Magnetic Termite Mounds

Brolgas passing through a termite “graveyard”, Litchfield National Park; photographed in situ [1]

The meridional termite mounds (Amitermes meridionalis) of tropical Northern Australia are a spectacle of insect architecture. Thousands of these unmistakable flattened structures permeate through the floodplain, resembling an eerie array of giant tombstones. And they can be over four meters tall. What is so striking and remarkable is that they are all parallel to each other, oriented more or less north-south, earning them the common name “magnetic” termites. Mound orientation varies between populations in Litchfield, Arnhem Land, and a closely related species in Cape York, though remains relatively conserved within populations. To investigate this property as an adaptation, scientists experimentally manipulated mound orientation and found that internal mound temperatures increased significantly when repositioned. Mound orientation is shaped by sun, shade, and wind conditions, varying geographically to maintain a stable internal microenvironment. As for the north-south axis, it is thought that the mounds receive more direct sunlight during the morning and evening (when ambient temperatures are lower), and receive less heat when the sun is at its peak in the sky. But why be above ground in the first place? In this seasonally inundated habitat, it would be difficult for the termites to maintain stable conditions within their nests. By constructing mounds above the ground, bacterial and fungal growth are kept in check, and there is adequate ventilation for food storage and developing larvae.

Magnetic termite mound (Amitermes meridionalis)
Two-lined dragon (Diporiphora bilineata) basking atop a termite mound; photographed in situ [1]
Cathedral termite mound (Nasutitermes triodiae)

Cathedral termites (Nasutitermes triodiae) have a different strategy for keeping cool under the blistering hot sun. They are characterized by hollow columns that allow air to circulate from the cooler base to the top of the mound. Many animals take advantage of these gigantic structures as refuges, including goannas, snakes, agamids, small marsupials, and birds. Cathedral mounds are even taller than magnetic termite mounds, reaching heights of five meters— truly skyscrapers of the floodplain. To support themselves during perturbations during monsoon season, cathedral termites are more selective in their choice of soil, choosing locations where water drains more rapidly. This tendency was apparent in Litchfield where stretches of flat floodplain almost exclusively housed magnetic termites, along with adjacent clumps of cathedral termites.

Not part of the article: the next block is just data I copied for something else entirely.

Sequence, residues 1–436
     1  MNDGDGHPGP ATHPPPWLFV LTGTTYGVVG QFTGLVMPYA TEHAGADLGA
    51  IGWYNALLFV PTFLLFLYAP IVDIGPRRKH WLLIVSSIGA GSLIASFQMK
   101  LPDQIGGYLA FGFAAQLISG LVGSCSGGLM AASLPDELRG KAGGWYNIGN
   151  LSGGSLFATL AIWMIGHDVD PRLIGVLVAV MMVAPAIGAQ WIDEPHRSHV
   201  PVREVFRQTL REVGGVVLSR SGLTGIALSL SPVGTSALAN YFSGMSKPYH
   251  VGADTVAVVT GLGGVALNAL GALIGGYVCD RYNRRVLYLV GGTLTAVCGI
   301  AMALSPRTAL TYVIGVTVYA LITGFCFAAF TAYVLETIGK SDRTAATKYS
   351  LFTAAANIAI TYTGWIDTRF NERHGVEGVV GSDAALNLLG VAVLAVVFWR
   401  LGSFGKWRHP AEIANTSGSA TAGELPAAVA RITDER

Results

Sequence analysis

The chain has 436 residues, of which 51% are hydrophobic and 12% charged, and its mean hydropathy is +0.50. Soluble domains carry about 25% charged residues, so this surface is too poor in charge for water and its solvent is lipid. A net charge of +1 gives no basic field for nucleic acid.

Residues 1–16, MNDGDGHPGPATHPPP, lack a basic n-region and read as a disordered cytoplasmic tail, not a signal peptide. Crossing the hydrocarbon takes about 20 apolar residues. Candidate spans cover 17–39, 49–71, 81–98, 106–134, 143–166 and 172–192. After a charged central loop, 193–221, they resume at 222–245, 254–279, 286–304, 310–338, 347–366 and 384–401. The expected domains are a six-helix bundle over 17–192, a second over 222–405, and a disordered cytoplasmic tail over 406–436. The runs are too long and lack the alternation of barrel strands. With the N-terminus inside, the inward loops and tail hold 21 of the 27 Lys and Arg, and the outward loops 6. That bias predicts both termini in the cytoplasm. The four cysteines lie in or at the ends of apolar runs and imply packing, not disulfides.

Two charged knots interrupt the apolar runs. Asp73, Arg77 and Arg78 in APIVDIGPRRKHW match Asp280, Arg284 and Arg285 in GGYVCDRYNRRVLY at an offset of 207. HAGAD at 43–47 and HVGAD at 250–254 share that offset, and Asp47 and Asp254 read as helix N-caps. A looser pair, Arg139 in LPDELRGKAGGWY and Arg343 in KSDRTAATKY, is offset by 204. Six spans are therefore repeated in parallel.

Fun fact: Along roads in the NT and WA, people regularly dress up young cathedral mounds with t-shirts, sunglasses, and hats. I was lucky enough to spot a Santa termite mound during the holidays.

Swanson’s snake-eyed skink (Cryptoblepharus cygnatus); photographed in situ [1]

While wandering in the eucalypt forest at night I stumbled upon a giant black figure in the distance. As I walked closer the figure began to take form. It was a termite mound about eight feet high and five feet wide, blackened and charcoal-like to the touch, obviously long deceased. It was my first magnetic termite mound.

Photos below from Fogg Dam Conservation Reserve

D. bilineata; photographed in situ [1]
Longnose dragon (Lophognathus sp.); photographed in situ [1]
Bark mantis (Ciulfina sp.); photographed after pursuit [3]
Orange-footed scrubfowl (Megapodius reinwardt); photographed after pursuit [3]
Lophognathus sp.; photographed in situ [1]
Grasshopper (~Acrididae); photographed in situ [1]
Red-sided rainbow skink (Carlia rufilatus); photographed after pursuit [3]
Termite mound in the Kimberley

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